What Drew Ravnikar calls a setback is what another person might call a major life-changing event.
"I had a double amputation that set me back a little," Ravnikar said Saturday night at the Student Fitness Recreation Center.
The 20-year-old lost the lower portion of both his legs in September from spina bifida, a birth defect that affects the spinal cord.
But he says he won't let that keep him from his goal of playing basketball in the 2008 Paralympic Games in Beijing.
"Because of my setback, if I don't make it in '08, I'll keep trying for 2012," Ravnikar said.
"Adidas has a saying, 'Impossible is nothing.' I live by it."
So too do the others he plays wheelchair basketball with as a member of the Kansas Wheelhawks.
They played their Midwest Conference rivals, the Kansas City Thunder, Saturday night following the Kansas Jayhawks' defeat of the Iowa State Cyclones in men's basketball.
Like KU did to Iowa State, the Wheelhawks - fashioned in uniforms resembling the Jayhawks' - drubbed the Thunder, 66-34.
But there was a sense that the score didn't mean much to the players Saturday night.
"It's a true passion," said Ravnikar, a member of the team for three years. "It's one thing I can do that keeps me in shape."
His teammate, Jim Kesler, has participated in wheelchair basketball for 13 years.
He got started a couple years after losing his left leg to bone cancer.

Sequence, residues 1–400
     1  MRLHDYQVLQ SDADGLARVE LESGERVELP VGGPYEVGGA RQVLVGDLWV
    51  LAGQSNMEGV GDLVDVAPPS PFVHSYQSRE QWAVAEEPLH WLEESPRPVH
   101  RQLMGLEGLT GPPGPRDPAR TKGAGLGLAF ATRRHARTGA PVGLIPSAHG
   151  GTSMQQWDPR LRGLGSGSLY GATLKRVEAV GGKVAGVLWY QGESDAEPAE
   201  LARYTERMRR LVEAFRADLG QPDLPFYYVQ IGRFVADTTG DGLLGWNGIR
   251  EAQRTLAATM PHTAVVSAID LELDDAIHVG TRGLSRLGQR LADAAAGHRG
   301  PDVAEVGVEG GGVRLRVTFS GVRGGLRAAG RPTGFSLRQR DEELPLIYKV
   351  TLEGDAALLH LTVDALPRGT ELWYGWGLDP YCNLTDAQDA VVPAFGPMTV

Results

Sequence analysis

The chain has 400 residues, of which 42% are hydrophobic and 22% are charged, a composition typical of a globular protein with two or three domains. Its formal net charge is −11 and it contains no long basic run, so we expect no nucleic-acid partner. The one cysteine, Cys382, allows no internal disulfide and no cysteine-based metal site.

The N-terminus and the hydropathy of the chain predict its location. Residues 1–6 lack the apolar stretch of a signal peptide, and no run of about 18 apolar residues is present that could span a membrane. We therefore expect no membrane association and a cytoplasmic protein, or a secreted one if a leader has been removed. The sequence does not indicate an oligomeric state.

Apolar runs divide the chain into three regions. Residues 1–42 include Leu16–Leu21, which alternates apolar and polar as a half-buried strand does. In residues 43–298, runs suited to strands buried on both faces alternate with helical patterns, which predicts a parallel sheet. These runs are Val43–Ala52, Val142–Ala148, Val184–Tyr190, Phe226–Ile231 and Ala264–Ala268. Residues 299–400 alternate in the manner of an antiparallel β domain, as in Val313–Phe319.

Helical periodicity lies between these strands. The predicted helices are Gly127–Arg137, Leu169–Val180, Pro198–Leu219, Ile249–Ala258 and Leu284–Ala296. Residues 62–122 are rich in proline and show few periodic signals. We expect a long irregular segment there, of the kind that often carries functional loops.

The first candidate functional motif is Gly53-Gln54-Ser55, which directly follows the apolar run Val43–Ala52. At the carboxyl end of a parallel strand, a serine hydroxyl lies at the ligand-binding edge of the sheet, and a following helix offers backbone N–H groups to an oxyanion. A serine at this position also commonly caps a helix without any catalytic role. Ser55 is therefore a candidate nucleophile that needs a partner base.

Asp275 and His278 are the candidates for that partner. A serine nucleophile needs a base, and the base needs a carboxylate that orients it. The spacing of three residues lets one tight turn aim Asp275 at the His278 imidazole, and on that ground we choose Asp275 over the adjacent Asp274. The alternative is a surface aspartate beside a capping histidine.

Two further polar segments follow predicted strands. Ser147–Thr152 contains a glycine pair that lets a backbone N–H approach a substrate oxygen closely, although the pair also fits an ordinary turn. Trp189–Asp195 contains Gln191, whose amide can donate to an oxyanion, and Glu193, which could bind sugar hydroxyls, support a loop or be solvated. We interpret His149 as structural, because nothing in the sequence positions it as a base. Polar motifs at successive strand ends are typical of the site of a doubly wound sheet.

Having never played basketball before - he played football in high school - playing forward for the Wheelhawks is a way for him to do something competitively with others who live with a disability like his.
"I guess I'm probably pretty competitive," Kesler said, adding that the team is an opportunity for people with disabilities to compete in sports, "especially if you have a newly injured person. It gives them a group of people to rely on."
Wheelchair basketball is remarkably similar to regular basketball.
Players run offense, they set picks, they dribble - the ball must touch the court for every two pushes of the wheelchair.
And it's as much of a contact sport, as well.
"You get all the chairs banging around out there, people are working for position," said Jarvis Stirn, a Wheelhawk for nine years. "I think it gets people interested in the game."
It caught the attention of Emily Hunter, who watched the game with about 50 other spectators.
"It's real rigorous, they're not fooling around out there," Hunter said. "I'm really interested in the equipment, the mobility and the speed of it."
The Wheelhawks play in an organized conference of six teams from areas around the Midwest.
They practice together once a week in Lawrence.
But for Ravnikar, who hopes to play at the highest level for his sport, he practices on his own five or six times a week.
After all, he has a goal to fulfill in about a year.
"If you don't live life to its fullest," he said, "you'll never get to where you can be."